Author(s): Bjork SJ, Bartholomew JL
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Abstract Ceratomyxa shasta infects salmon and trout, causing ceratomyxosis, a disease characterized by parasite proliferation in the intestine and death. We used laboratory challenges to investigate the infective dose for 3 fish species: a susceptible strain of rainbow trout Oncorhynchus mykiss and comparatively resistant Chinook O. tshawytscha and coho salmon O. kisutch. For susceptible rainbow trout, we determined the outcome of infection under conditions of varying parasite dose, fish size, and parasite concentration. A single actinospore was sufficient to cause a lethal infection in susceptible rainbow trout. The mean days to death (MDD) did not significantly decrease among doses causing 100\% prevalence, indicating a minimum time required for parasites to replicate to a fatal level. When dose was constant, but delivered in a higher parasite concentration, higher infection prevalence and mortality resulted. One actinospore fish(-1) caused 57\% infection and mortality in fish challenged in 0.5 1 of water, whereas 10 spores fish(-1) resulted in an average of 49\% infection and mortality in 1 l challenges. This effect is most likely due to a higher encounter rate in the smaller water volume. Neither infection prevalence nor MDD was significantly different between large trout (84.9 g) and small trout (6.3 g). Chinook salmon did not become infected even when challenged with 5000 actinospores. One fatal infection occurred in coho salmon challenged with 1000 actinospores. This study confirms that even low doses of C. shasta cause severe infection in highly susceptible fish, describes the dose response on MDD, and demonstrates that parasite concentration influences infection prevalence.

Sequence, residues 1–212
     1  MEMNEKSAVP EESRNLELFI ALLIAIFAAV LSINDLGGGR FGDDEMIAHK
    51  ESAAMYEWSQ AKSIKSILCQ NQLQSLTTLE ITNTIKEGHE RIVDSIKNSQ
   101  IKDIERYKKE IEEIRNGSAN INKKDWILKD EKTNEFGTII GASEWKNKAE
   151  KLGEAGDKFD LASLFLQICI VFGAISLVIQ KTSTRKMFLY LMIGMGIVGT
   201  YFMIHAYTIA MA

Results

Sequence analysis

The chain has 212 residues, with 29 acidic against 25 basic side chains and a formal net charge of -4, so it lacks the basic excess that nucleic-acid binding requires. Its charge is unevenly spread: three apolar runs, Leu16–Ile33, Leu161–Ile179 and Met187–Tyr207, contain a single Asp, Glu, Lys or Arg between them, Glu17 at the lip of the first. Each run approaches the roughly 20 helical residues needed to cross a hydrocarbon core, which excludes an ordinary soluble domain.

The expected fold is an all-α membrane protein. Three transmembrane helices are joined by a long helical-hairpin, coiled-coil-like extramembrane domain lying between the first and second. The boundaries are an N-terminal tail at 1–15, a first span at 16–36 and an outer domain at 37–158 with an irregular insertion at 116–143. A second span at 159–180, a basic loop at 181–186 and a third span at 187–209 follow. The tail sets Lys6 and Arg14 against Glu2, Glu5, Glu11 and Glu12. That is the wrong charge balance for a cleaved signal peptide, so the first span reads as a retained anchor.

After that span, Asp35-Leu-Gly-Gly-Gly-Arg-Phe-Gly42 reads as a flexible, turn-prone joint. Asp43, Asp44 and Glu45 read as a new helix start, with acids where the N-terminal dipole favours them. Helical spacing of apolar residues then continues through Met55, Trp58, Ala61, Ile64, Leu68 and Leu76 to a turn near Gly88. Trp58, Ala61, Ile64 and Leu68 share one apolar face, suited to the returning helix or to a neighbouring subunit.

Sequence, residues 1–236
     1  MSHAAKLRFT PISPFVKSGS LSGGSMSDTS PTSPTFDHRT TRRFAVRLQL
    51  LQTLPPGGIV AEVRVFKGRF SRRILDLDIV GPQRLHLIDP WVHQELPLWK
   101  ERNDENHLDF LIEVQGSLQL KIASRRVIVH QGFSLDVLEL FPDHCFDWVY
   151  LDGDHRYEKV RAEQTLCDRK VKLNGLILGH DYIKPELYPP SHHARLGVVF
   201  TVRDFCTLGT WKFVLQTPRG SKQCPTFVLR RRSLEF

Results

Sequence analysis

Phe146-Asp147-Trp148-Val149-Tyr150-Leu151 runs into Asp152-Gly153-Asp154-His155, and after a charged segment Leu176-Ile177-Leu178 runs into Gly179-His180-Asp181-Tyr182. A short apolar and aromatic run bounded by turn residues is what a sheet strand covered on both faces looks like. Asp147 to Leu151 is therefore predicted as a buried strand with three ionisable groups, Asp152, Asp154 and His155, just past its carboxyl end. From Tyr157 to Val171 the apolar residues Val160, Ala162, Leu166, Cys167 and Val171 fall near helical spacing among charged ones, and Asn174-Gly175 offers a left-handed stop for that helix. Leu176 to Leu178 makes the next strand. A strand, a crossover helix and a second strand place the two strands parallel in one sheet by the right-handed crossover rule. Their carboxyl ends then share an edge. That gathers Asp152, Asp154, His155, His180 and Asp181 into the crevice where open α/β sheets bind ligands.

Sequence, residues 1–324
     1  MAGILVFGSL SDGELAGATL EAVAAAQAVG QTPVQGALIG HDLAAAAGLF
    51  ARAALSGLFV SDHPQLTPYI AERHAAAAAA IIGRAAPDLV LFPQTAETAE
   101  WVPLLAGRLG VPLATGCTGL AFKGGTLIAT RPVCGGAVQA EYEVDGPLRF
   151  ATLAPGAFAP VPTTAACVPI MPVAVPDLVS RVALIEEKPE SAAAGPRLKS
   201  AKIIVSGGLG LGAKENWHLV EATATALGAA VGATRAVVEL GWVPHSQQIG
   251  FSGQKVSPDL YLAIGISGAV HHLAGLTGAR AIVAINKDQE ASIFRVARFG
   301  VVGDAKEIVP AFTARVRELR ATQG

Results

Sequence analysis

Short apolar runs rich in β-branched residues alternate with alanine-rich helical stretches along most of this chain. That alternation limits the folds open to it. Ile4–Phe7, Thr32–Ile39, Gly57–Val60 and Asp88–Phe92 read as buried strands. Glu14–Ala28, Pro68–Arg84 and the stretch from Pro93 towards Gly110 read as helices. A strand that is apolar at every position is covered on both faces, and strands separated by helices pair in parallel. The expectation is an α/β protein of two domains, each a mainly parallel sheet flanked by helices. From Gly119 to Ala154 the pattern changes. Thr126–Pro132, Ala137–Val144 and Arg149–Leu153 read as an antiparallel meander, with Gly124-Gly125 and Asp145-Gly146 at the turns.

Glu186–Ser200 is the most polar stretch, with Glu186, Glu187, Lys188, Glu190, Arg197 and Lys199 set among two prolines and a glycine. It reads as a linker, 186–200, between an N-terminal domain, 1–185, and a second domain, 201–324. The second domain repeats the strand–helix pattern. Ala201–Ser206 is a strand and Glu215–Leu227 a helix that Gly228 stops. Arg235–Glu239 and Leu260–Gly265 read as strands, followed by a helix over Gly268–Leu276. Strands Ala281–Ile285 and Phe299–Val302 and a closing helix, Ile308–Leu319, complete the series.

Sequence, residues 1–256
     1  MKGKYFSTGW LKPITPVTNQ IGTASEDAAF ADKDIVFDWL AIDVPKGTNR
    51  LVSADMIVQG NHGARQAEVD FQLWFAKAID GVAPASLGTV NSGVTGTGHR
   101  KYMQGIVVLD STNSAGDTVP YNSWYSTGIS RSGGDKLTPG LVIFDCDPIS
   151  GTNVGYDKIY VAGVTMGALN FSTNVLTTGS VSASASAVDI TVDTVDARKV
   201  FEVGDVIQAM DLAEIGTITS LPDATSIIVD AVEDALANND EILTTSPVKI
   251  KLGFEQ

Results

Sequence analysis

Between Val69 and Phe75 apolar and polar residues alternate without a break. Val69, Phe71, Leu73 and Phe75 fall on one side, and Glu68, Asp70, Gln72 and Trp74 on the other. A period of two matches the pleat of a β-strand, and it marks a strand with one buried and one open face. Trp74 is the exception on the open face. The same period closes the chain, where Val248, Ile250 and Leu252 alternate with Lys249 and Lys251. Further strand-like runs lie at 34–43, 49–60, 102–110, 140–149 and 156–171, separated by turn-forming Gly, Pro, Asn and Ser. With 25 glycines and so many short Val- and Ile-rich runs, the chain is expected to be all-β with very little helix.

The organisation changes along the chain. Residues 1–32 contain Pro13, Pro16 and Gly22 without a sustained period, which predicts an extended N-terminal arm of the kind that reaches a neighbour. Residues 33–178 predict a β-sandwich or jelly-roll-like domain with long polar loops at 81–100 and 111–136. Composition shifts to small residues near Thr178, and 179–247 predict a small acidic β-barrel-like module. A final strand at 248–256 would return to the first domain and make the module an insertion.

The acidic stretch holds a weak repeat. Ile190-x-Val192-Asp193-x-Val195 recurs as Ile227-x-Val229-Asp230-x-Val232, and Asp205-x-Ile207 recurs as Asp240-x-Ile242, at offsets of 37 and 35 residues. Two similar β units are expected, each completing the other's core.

This article was published in Dis Aquat Organ
and referenced in Fisheries and Aquaculture Journal